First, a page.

Reminisce With Me/Making Contact

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The following represents the 2008 fannish memories of Nancy Kippax, which she recorded on LJ in the last months of her life. Permission to archive these memories has been granted to Fanlore by April Valentine.

Mar. 19th, 2008
It turned out that "Contact" was to be our gilt engraved invitation into this baby fandom that was just getting its legs out from under it. The best and brightest of what Kirk-Spock fans wanted had been our initial goal, and it was fulfilled in spades over the next few years. We aimed our first issue for December 1975, but a lot would happen in our insular world before that date.
After we complied with Sondra Marshak's demands, Carol F. called Bev and asked if she knew that Nimoy was appearing over at the University of Maryland, and would we be interested in going to see him. Would we?! We made plans to meet with her and some friends on the Saturday of Nimoy's talk. As I recall it, Leonard cancelled and we never did get to see him, but we met members of the M.A.S.T, (Metro Area Star Trek) [1] club from Washington, DC and its environs, and Carol F. These were people who were actively involved in fandom, and we felt like the greenhorns we were. M.A.S.T., under the editorship of Carol Lee, was already publishing the fanzine Rigel. But they were nice, and welcomed us with open arms. Carol F. said she might be able to push some submissions along to us for our zine, and seemed genuinely delighted to hear what we were planning.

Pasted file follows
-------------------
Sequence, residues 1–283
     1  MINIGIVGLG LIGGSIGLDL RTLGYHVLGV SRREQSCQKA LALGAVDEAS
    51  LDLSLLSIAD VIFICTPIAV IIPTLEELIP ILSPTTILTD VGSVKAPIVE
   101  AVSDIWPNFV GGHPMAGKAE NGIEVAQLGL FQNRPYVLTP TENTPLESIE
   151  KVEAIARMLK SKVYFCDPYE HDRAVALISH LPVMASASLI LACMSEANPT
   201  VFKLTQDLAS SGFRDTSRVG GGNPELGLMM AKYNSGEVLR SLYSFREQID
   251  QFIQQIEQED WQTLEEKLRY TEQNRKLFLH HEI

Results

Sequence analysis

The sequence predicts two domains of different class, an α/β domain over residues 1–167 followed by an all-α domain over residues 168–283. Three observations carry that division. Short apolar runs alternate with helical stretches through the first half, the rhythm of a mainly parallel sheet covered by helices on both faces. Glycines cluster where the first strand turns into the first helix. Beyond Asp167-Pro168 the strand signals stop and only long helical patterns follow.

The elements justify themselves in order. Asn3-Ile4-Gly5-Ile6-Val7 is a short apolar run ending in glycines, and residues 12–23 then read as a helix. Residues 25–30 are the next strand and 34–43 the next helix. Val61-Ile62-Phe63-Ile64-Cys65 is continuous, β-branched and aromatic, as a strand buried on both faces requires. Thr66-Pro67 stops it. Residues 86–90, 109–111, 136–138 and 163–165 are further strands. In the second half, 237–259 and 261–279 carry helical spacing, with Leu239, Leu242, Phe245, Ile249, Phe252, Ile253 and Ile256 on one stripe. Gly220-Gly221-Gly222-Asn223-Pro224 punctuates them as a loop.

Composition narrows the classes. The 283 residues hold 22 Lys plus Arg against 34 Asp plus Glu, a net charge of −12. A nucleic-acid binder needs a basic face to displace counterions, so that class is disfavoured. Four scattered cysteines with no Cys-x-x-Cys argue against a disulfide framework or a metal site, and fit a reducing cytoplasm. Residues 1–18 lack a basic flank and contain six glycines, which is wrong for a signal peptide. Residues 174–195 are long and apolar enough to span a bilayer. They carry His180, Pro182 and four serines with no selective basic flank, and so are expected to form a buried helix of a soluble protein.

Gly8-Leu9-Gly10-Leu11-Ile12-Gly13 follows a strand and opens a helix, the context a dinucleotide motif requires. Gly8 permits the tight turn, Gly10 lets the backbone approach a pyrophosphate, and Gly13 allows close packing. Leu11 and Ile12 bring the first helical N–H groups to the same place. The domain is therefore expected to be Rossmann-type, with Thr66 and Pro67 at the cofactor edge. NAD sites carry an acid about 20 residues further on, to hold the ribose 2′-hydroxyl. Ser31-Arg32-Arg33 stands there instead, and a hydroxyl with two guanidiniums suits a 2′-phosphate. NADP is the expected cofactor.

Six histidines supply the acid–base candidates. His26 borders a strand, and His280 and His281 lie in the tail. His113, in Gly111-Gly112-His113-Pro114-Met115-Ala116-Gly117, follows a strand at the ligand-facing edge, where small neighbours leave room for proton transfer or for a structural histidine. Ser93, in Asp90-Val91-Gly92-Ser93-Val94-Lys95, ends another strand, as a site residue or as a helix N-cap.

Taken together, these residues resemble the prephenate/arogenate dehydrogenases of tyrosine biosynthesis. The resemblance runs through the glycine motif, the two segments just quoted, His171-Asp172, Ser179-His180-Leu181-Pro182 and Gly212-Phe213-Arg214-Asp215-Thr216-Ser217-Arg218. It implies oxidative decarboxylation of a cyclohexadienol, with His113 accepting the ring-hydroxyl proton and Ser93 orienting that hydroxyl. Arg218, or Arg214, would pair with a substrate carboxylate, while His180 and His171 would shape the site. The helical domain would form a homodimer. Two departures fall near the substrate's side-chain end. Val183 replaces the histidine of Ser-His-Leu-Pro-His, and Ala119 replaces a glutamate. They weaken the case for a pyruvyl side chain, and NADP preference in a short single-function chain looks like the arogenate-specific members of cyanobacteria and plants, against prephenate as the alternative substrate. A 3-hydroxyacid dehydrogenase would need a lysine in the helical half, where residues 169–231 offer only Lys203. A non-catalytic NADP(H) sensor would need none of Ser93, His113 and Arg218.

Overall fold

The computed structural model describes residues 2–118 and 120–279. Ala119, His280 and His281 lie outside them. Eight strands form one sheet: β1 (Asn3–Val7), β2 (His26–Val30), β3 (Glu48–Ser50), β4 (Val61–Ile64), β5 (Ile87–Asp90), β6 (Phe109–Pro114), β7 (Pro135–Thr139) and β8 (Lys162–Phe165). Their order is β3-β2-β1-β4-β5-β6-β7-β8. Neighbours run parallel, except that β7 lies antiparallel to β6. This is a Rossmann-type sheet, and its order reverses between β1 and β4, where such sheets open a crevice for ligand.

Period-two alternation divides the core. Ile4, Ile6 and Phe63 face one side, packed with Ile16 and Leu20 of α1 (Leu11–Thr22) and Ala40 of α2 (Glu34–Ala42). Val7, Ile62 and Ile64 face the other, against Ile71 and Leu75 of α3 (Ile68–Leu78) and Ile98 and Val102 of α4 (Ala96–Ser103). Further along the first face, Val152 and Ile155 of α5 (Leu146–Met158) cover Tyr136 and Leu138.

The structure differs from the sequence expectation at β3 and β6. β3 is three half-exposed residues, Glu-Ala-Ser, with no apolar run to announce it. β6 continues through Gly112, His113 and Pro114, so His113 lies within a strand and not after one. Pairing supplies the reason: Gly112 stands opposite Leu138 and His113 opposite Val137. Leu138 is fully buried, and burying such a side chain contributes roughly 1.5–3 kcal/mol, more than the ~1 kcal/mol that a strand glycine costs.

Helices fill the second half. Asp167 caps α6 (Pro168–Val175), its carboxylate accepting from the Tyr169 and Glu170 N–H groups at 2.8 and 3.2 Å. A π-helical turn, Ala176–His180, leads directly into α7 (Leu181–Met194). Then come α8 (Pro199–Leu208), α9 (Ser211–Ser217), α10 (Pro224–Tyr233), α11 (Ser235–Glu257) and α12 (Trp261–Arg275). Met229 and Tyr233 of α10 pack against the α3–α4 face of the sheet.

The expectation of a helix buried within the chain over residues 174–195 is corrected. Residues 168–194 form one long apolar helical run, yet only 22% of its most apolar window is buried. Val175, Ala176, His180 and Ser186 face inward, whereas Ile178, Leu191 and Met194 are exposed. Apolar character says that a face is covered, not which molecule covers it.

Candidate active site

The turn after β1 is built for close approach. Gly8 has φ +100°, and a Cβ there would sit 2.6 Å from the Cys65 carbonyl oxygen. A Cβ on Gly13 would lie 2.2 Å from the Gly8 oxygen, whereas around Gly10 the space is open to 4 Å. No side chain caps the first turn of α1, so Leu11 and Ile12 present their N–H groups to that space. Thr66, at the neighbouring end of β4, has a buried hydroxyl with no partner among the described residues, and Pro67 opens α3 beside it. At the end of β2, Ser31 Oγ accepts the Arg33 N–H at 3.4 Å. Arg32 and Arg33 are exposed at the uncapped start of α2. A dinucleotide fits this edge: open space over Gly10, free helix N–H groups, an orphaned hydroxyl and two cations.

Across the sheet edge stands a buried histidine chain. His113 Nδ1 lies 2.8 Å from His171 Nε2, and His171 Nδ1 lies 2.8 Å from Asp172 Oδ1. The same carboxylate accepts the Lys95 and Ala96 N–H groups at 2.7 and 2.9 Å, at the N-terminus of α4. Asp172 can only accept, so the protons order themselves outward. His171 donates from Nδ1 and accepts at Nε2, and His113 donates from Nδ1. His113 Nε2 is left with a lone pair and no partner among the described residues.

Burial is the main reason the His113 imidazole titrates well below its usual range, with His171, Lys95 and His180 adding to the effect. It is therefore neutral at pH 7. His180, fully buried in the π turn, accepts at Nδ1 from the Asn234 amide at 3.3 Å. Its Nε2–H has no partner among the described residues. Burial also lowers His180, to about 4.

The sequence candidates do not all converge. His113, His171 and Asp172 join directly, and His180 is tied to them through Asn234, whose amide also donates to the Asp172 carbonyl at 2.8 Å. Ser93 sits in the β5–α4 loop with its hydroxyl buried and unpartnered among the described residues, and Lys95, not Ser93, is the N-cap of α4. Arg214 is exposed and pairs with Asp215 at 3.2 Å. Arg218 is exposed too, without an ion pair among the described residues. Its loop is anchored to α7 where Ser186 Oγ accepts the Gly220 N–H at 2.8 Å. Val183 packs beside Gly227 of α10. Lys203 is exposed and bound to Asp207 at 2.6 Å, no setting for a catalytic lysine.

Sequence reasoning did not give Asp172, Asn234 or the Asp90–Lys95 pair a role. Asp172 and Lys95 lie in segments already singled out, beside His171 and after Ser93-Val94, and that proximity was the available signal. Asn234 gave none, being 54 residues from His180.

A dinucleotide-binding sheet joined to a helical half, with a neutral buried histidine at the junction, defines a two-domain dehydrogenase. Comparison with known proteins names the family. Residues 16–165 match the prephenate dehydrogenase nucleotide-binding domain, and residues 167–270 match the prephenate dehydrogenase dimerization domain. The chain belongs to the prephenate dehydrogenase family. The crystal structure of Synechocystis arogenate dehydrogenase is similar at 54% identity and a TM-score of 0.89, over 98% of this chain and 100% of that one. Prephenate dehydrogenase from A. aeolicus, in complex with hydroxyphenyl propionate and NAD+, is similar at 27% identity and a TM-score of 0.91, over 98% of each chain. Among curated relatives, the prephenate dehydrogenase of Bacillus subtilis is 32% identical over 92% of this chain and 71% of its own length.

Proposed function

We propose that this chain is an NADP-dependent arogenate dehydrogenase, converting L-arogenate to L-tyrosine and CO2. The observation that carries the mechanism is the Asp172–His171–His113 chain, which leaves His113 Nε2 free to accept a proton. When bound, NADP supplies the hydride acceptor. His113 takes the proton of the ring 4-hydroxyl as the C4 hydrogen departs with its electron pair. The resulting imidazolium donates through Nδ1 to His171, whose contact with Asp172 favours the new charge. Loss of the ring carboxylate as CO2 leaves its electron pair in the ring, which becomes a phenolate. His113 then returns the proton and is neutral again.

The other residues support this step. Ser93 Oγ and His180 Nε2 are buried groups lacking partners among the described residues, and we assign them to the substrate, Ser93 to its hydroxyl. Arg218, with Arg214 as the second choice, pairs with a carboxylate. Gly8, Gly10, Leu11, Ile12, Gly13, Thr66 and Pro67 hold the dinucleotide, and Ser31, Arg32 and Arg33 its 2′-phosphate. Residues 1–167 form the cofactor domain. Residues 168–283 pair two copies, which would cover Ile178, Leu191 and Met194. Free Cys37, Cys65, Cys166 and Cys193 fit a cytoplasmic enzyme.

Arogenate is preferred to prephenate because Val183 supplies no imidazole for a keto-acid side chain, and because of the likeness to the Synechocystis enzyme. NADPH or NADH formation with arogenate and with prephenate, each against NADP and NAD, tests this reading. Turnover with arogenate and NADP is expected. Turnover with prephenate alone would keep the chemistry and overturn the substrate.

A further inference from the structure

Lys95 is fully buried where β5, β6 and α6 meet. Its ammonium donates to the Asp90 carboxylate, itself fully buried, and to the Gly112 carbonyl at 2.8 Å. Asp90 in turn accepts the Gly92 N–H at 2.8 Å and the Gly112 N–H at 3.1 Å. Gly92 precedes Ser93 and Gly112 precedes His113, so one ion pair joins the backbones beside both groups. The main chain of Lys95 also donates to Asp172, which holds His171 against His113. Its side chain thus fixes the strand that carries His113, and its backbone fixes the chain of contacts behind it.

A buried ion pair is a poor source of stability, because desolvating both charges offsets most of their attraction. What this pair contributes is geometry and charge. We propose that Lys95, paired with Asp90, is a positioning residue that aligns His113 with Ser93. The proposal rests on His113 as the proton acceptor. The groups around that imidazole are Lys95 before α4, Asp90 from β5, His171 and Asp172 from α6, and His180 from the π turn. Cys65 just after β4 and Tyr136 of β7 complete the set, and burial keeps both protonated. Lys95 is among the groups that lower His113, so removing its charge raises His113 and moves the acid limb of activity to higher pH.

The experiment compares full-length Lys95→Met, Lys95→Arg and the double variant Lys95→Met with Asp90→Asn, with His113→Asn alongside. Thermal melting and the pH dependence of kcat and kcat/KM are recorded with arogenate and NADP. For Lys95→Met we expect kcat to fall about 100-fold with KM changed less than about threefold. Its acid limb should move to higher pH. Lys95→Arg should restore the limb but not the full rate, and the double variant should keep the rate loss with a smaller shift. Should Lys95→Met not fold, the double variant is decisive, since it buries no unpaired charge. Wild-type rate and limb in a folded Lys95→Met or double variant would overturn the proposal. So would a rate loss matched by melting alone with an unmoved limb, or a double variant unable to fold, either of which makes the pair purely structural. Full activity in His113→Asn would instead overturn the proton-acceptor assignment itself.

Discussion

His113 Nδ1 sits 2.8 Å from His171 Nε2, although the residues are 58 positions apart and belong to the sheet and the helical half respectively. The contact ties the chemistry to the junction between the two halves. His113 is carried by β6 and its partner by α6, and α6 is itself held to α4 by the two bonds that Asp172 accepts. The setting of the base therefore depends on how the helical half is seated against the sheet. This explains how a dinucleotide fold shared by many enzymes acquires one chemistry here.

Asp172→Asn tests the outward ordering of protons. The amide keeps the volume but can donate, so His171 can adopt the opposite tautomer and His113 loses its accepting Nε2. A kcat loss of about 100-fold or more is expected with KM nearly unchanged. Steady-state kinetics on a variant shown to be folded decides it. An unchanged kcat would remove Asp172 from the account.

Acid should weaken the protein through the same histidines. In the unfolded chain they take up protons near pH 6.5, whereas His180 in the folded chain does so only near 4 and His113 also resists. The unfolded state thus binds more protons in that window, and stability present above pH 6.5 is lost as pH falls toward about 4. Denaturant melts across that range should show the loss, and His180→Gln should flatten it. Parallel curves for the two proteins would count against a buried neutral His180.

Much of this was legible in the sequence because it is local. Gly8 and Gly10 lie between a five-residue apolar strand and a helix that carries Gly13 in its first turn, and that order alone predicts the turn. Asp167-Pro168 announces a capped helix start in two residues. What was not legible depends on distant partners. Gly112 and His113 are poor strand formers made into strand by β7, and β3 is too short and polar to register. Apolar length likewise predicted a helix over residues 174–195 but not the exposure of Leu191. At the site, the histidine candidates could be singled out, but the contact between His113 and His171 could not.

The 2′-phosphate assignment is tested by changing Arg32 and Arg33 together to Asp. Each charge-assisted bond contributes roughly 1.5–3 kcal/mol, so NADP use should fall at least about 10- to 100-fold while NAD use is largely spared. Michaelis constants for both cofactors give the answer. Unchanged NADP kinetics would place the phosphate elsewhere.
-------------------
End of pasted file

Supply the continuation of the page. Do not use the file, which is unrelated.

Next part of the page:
Not too much later, we received a vignette (kind of an obsolete term now, it once denoted a Ficlet, or a very brief but insightful story, usually under ten pages long) written by none other than Connie Faddis (who was both a writer and illustrator we admired greatly), with a note from Carol saying "This might be too dark for your zine, but I thought you might be able to give it a home." Could we? Would we? You bet! It was a three-page zinger called "De Profundis", now a classic in its genre. It was a simple scene of amazing poignancy. I have to admit, all these years later, that it did give us pause, because it seems that I had written another very dark piece, and we feared the zine would look too maudlin! Oh, how we laughed over that in time to come, over the idea of actually turning down a Faddis story, and over the concept of our zine being rejected for its ominous themes!
A word or two here about pronunciation. The term "zine", short for "fanzine" is pronounced zeen correct? Well, for some inexplicable reason, Bev and I called it zigh-n, as if to rhyme with "sign". Another mispronunciation we made was the term for the illustrations used in a book. In the beginning, we called them "illio-s" instead of "illos" for some unfathomable reason. Both these mistakes we quickly corrected, or had corrected for us! Both were the topic of much self-deprecating humor for some time to come.
Basically, we were operating in a vacuum, making things up as we went along. But that was okay, because so were a lot of others in those days. We learned about taking pre-orders and on how to produce and price our zine. Bev's husband, Russ, had a copy machine where he worked and would be able to print the copies for us in his spare time at no cost to us. We priced this first run of our first issue at a mere $2.00, cheap even in those days.